Charlie Baker says he has ‘zero’ interest in being a national star. What about a third term?

Baker says it's "obviously" something he's thinking about.

Gov. Charlie Baker and Lt. Gov Karyn Polito in Worcester last week, along with West Virginia Sen. Joe Manchin, to honor Boston Celtics legend Bob Cousy. Suzanne Kreiter / The Boston Globe

To take Gov. Charlie Baker’s word for it, he won’t be following in the footsteps of his many Corner Office predecessors who sought higher office in Washington, D.C.

“The shiny ball of national [stardom], I have like zero interest in that,” Baker said Thursday on GBH, when asked why he has repeatedly turned down interviews on national Sunday morning TV shows.

“People ask me when Senate seats have come up, or something like that, you know, ‘Any interest in running for federal office?’ No,” Baker added.

But what about running for an unprecedented third term? The popular Republican governor has said repeatedly this spring that he hasn’t decided, even as the number of Democratic gubernatorial candidates has swelled to three.


“My wife and I will make that decision, in conjunction with the lieutenant governor,” Baker said on GBH, adding that it is “obviously” something he has thought about it.

While his official decision remains forthcoming, Baker did resume in-person fundraisers this month. According to the State House News Service, he and Lt. Gov. Karyn Polito held a joint fundraiser Wednesday at the UMass Club in Boston. Hosted at one of the 32nd-floor social club’s small private rooms, the fundraiser was more focused on how nice it was to be back at an in-person event, as opposed to politics, one attendee told the news service.

The event comes after Baker’s remarkable slowdown in political fundraising during the pandemic raised speculation about his future intentions. His campaign reported a total of six donations totaling $3,555 during the month of May. And while the governor was understandably occupied with the response to COVID-19, the pandemic didn’t stop Polito — who some expect to run for governor if Baker doesn’t seek re-election — from fortifying her campaign account. At the end of May, Polito reported more than $2 million in cash on hand, compared to the $484,228.88 reported by Baker.

Still, some fellow Republicans think — or at least hope — that Baker will run for a third term, under the assumption that it would be difficult for other GOP candidates to retain the governorship in deep blue Massachusetts.


After launching a campaign for lieutenant governor earlier this year, former Barnstable County commissioner Ron Beaty says he switched to run for state treasurer when “it became rather clear” that Baker and Polito would run for their current seats.

“It would be a losing proposition for anyone running against them,” Beaty recently told Boston.com.

That hasn’t quieted some of the intra-party critics of Baker, who polls have shown to be more popular among Democrats than Republicans.

Conservative leaders of the Massachusetts Republican Party briefly entertained a proposal this spring aimed at removing Baker from the the group’s leadership committee. And former Senate candidate and state representative Geoff Diehl has floated his name as a possible primary challenger — to the consternation of some fellow Republicans.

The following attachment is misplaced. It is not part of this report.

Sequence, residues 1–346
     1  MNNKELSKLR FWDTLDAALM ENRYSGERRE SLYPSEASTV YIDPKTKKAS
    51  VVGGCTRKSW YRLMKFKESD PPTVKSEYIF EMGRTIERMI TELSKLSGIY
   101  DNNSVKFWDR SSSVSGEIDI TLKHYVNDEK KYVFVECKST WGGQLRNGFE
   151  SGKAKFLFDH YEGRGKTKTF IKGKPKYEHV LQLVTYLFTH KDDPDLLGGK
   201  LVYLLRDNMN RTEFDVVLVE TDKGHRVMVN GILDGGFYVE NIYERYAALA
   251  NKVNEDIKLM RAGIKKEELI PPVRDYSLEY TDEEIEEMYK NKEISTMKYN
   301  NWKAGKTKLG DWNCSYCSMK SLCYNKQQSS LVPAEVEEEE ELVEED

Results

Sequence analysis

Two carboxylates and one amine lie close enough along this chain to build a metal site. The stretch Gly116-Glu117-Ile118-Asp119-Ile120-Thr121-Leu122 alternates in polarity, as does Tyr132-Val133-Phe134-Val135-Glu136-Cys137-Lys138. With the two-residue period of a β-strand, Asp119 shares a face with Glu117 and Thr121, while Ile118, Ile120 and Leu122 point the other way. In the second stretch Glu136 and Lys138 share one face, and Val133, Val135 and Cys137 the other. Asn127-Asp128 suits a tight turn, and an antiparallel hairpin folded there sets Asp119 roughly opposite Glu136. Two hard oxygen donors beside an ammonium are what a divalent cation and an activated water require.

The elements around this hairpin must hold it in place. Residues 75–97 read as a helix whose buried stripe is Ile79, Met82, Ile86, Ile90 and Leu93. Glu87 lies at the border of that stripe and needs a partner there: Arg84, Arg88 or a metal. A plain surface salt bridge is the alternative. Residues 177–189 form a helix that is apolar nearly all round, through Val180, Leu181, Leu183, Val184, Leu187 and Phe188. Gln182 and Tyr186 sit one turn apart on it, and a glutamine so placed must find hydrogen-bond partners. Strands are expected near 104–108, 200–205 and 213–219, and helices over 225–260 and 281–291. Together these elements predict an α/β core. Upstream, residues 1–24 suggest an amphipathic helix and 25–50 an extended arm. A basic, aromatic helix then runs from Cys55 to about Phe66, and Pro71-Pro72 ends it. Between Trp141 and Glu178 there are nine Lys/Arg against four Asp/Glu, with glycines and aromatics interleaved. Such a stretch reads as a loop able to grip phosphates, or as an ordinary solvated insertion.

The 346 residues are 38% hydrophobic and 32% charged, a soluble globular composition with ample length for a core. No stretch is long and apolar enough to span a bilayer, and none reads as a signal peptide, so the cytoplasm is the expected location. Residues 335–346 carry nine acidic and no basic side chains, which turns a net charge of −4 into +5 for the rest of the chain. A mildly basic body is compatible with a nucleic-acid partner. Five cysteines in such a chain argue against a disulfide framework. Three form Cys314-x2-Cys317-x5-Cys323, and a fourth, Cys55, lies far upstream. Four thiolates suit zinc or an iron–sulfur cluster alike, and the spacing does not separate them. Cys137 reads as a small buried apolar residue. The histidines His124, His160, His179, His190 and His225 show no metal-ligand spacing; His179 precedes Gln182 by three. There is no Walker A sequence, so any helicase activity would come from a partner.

“Our best shot at getting a Republican elected as governor is Charlie Baker,” MassGOP committeewoman Amy Carnevale recently told Politico.

The moderate Republican governor reiterated Thursday that he remains committed to his political party, despite his local detractors and personal disapproval of many national GOP leaders. An increasingly harsh critic of former president Donald Trump in the wake of the 2020 election, Baker also has had a contentious relationship with the leaders of the MassGOP and recently called for the resignation of a MassGOP committee member who made anti-gay remarks.


During his GBH interview, Baker additionally criticized the vote by all 50 Republican senators to block debate on a Democrat-backed elections reform bill.

“Any situation or circumstance where people just flat out deny the right or the opportunity for people to engage on a discussion about an issue that’s really important to the public — and certainly this one is — no, I don’t support that kind of behavior at all,” Baker said.

“I’ve said many times that the complete and utter great breakdown in collaborative behavior in Washington is hugely bad for the country,” he said.

Baker has had similar words for the MassGOP, calling politics a “team sport.”

“I don’t think the way to solve the problems that you point to in the Republican Party is to run away from it,” Baker said Thursday, adding that he intends to fight for his brand of “very New England Republican.”

Baker’s self-described “practical” approach has also taken on increasing criticism from local Democrats who say it lacks the urgency needed to address racial and socioeconomic disparities that have been exacerbated by the pandemic.

However, the governor says his administration is overseeing “lots of bold transformational change,” from transit-oriented housing to offshore wind to addressing the opioid epidemic.

“Most of the things we do we believe are important and transformative; we wouldn’t do them if we didn’t,” he said. “But there is this thing called the process that we all have to work our way through, and everybody who participates in it, including us, needs to recognize and understand that the process sometimes take a little longer to become transformative than we might like.”


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